Liberian President Ellen Johnson Sirleaf says her current visit to the United States has been exciting and rewarding. The president, who is winding down a weeklong visit, has received several awards, including the 2007 Freedom Award, the John T. Walker Humanitarian Award, and the W. Averell Harriman Democracy Award for her leadership role in encouraging women’s participation in the democratic process. One of the highlights of President Sirleaf’s U.S. visit was her meeting with President George Bush.
In an exclusive VOA interview, President Sirleaf said President Bush reassured her of his commitment to cancel Liberia’s debt.
“The United States and all the G-8 countries have themselves indicated their willingness to cancel their bilateral debt. The debt we’re really fighting with now is the multi-lateral debt, particularly the debt with the IMF. And that requires much more. The use of the reserve in the IMF has to be agreed to by all the members before they can apply it. Treasury Secretary Paulson (Henry) of the U.S. has been very firm in reiterating the fact that President Bush’s commitment to resolve this debt problem is firm, it’s unwavering, and that it may take a little bit longer than we anticipated, but it will get done,” she said.
President Sirleaf said Treasury Secretary Henry Paulson has had meetings with all the countries concerned during the just concluded IMF-World Bank annual meetings about canceling Liberia’s debt.
She said President Bush also told her he would like Liberia to qualify for the Millennium Challenge account.
“We have met seven of the 19 indicators that enable us to be what they called a threshold country, and we are now waiting for the Corporation management to meet,” she said. "I think they meet early December to look at the progress Liberia has made, and if they agree that we can now become a threshold country, then we will get some resources to enable to work on the other requirements so that you are fully eligible may be several months down the road."
President Sirleaf said Liberia has made a lot of progress, and she hoped that progress would be recognized when the Millennium Challenge Corporation management meets.
On investment in Liberia, President Sirleaf said there were several good reasons why private investors should come and invest in Liberia.
“First of all our potential in terms of the natural resources that we have. That’s the first most compelling reason for people to come. The second reason of course is some measure of confidence in the government, that the government will have proper policies, and that contracts will be respected,” Sirleaf said.
She said if there is any constraint about attracting investors to Liberia it is the state of the country’s infrastructure, which she said might make investment more costly. But President Sirleaf said her government has made some progress, including bringing electricity and running water to some parts of the capital, Monrovia.
President Sirleaf has been a strong proponent of the U.S. Military Command known as AFRICOM. But other African leaders have spoken out against it. Still the Liberian president said AFRICOM is good for the continent.
“I think if there’s one thing I’m respected for by my colleagues in the African leadership it is that I take independent decisions based upon my own judgment. And so in this particular case I hope I can influence them to see that it’s not as it is being portrayed to be. I think it has several advantages for the training of our troops to prepare us for interventions, since we must take primary responsibility for that,” she said.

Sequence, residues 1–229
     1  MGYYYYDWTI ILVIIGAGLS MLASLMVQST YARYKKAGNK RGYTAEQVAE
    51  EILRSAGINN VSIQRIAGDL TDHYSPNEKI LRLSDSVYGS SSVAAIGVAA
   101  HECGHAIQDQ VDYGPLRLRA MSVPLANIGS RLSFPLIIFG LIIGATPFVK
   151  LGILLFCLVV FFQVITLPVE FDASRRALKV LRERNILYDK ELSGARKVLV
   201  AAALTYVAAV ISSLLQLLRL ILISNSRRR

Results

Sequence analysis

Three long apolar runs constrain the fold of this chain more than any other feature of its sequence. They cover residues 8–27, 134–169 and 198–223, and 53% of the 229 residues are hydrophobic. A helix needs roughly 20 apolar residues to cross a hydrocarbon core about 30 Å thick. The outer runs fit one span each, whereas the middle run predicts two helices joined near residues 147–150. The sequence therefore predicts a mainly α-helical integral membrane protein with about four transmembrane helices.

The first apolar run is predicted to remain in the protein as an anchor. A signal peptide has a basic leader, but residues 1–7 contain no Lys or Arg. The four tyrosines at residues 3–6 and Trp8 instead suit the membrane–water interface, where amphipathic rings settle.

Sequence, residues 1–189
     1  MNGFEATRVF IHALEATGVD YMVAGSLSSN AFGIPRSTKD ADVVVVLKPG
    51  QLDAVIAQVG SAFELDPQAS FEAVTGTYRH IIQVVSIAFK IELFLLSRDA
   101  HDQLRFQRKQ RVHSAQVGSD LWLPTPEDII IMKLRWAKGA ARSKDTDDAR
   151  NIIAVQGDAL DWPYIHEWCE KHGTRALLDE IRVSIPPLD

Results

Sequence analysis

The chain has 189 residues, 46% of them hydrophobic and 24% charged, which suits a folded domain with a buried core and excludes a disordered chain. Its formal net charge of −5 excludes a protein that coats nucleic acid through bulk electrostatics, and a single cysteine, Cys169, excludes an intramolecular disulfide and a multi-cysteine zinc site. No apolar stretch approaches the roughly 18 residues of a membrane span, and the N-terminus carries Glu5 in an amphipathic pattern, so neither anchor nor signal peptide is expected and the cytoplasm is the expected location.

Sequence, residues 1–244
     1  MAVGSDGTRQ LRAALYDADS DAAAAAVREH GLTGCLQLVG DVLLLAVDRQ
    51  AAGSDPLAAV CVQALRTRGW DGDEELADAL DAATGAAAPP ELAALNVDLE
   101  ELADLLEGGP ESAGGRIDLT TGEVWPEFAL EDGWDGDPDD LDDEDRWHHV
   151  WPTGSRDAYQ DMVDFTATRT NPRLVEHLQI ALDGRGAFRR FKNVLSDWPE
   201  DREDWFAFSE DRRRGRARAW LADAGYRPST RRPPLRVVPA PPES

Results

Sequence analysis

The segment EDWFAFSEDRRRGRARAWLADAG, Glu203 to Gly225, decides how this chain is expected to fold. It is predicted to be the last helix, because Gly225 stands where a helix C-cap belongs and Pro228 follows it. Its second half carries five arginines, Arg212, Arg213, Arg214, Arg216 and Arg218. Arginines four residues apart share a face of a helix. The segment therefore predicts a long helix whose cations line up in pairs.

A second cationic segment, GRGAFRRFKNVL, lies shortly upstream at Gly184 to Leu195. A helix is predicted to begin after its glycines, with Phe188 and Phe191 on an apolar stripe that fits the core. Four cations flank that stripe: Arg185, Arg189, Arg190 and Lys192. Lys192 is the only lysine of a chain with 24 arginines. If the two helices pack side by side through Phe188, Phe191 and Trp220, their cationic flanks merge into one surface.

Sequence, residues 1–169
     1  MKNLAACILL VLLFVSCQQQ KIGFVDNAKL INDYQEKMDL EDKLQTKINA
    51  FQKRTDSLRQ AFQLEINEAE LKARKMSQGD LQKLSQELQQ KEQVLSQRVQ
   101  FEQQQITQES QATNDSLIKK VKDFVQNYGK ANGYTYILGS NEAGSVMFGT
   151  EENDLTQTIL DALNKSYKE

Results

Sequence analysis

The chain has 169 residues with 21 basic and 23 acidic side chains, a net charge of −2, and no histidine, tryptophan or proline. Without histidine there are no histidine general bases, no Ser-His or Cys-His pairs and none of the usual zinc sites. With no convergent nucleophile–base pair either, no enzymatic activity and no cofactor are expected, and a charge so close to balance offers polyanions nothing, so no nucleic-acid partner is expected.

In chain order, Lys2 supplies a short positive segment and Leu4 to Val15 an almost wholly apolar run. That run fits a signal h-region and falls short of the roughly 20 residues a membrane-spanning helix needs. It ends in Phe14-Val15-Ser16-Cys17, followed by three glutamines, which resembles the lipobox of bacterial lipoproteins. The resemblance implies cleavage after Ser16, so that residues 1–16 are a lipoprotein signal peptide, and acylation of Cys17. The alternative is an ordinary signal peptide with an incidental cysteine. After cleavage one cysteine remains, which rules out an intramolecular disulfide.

President Bush last month extended the Deferred Enforced Departure for some Liberians living in the United States. President Sirleaf welcomed the extension, but she said Liberians are always welcome home.
“Liberia is home, and whenever they are ready to come home, home is there. And some are beginning to return, and we like that to come and join us to rebuild the nation. For those who have to wait because they have other reasons to stay, if there’s any way we can help them in their effort to continue to meet their responsibilities here, we will do that. And whenever they’re ready, home will be there for them,” President Sirleaf said.
The Liberian House of Representatives voted down a bill submitted by President Sirleaf, which would have frozen the assets of former officials of former President Charles Taylor on the grounds the bill was unconstitutional. President Sirleaf said her government was only acting to fulfill a requirement of the United Nations.
“The freezing of assets is not the seizing of assets. The freezing of assets simply says we put a stop on it until you go to the court to establish whether or not the public trust has been violated. But the debate is on in our legislature when they return from recess, the debate will continue. If there are reasons to revise the bill to make it more acceptable while achieving the same objective, then we will go ahead and do that. But we are committed to carrying out this commitment, which we have made to the Liberian people and to our partners in the international community,” she said.
The Liberian president welcomed the first Mo Ibrahim Prize for Achievement in African Leadership, which was awarded to former Mozambique President Joaquim Chissano. President Sirleaf disagreed with those who think the award is a payment to African leaders for them to do what they were elected to for their people.
“Mr. Ibrahim has introduced an interesting element that may prove to be an incentive to many presidents. You know many of our countries don’t even have retirement for presidents so they are afraid to leave office. If this provides the means whereby they can do a good job and can leave and can have the means whereby they can live comfortably, hey, I wish I could win it,” Sirleaf said.